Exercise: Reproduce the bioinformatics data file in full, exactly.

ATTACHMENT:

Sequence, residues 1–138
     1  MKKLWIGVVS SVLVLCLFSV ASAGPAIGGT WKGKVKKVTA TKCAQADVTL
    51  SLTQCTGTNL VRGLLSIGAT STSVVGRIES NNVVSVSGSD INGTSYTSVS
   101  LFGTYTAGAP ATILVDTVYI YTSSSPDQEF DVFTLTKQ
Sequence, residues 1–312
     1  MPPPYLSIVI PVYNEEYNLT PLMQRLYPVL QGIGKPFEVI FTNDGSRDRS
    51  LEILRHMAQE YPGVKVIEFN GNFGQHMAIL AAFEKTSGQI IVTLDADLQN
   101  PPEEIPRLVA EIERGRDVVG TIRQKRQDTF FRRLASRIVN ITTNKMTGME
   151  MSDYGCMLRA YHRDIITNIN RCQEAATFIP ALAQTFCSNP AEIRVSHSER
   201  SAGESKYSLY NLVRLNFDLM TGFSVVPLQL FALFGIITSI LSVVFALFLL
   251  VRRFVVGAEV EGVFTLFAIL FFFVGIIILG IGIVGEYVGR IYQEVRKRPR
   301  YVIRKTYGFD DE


Sequence, residues 1–138
     1  MKKLWIGVVS SVLVLCLFSV ASAGPAIGGT WKGKVKKVTA TKCAQADVTL
    51  SLTQCTGTNL VRGLLSIGAT STSVVGRIES NNVVSVSGSD INGTSYTSVS
   101  LFGTYTAGAP ATILVDTVYI YTSSSPDQEF DVFTLTKQ
Sequence, residues 1–312
     1  MPPPYLSIVI PVYNEEYNLT PLMQRLYPVL QGIGKPFEVI FTNDGSRDRS
    51  LEILRHMAQE YPGVKVIEFN GNFGQHMAIL AAFEKTSGQI IVTLDADLQN
   101  PPEEIPRLVA EIERGRDVVG TIRQKRQDTF FRRLASRIVN ITTNKMTGME
   151  MSDYGCMLRA YHRDIITNIN RCQEAATFIP ALAQTFCSNP AEIRVSHSER
   201  SAGESKYSLY NLVRLNFDLM TGFSVVPLQL FALFGIITSI LSVVFALFLL
   251  VRRFVVGAEV EGVFTLFAIL FFFVGIIILG IGIVGEYVGR IYQEVRKRPR
   301  YVIRKTYGFD DE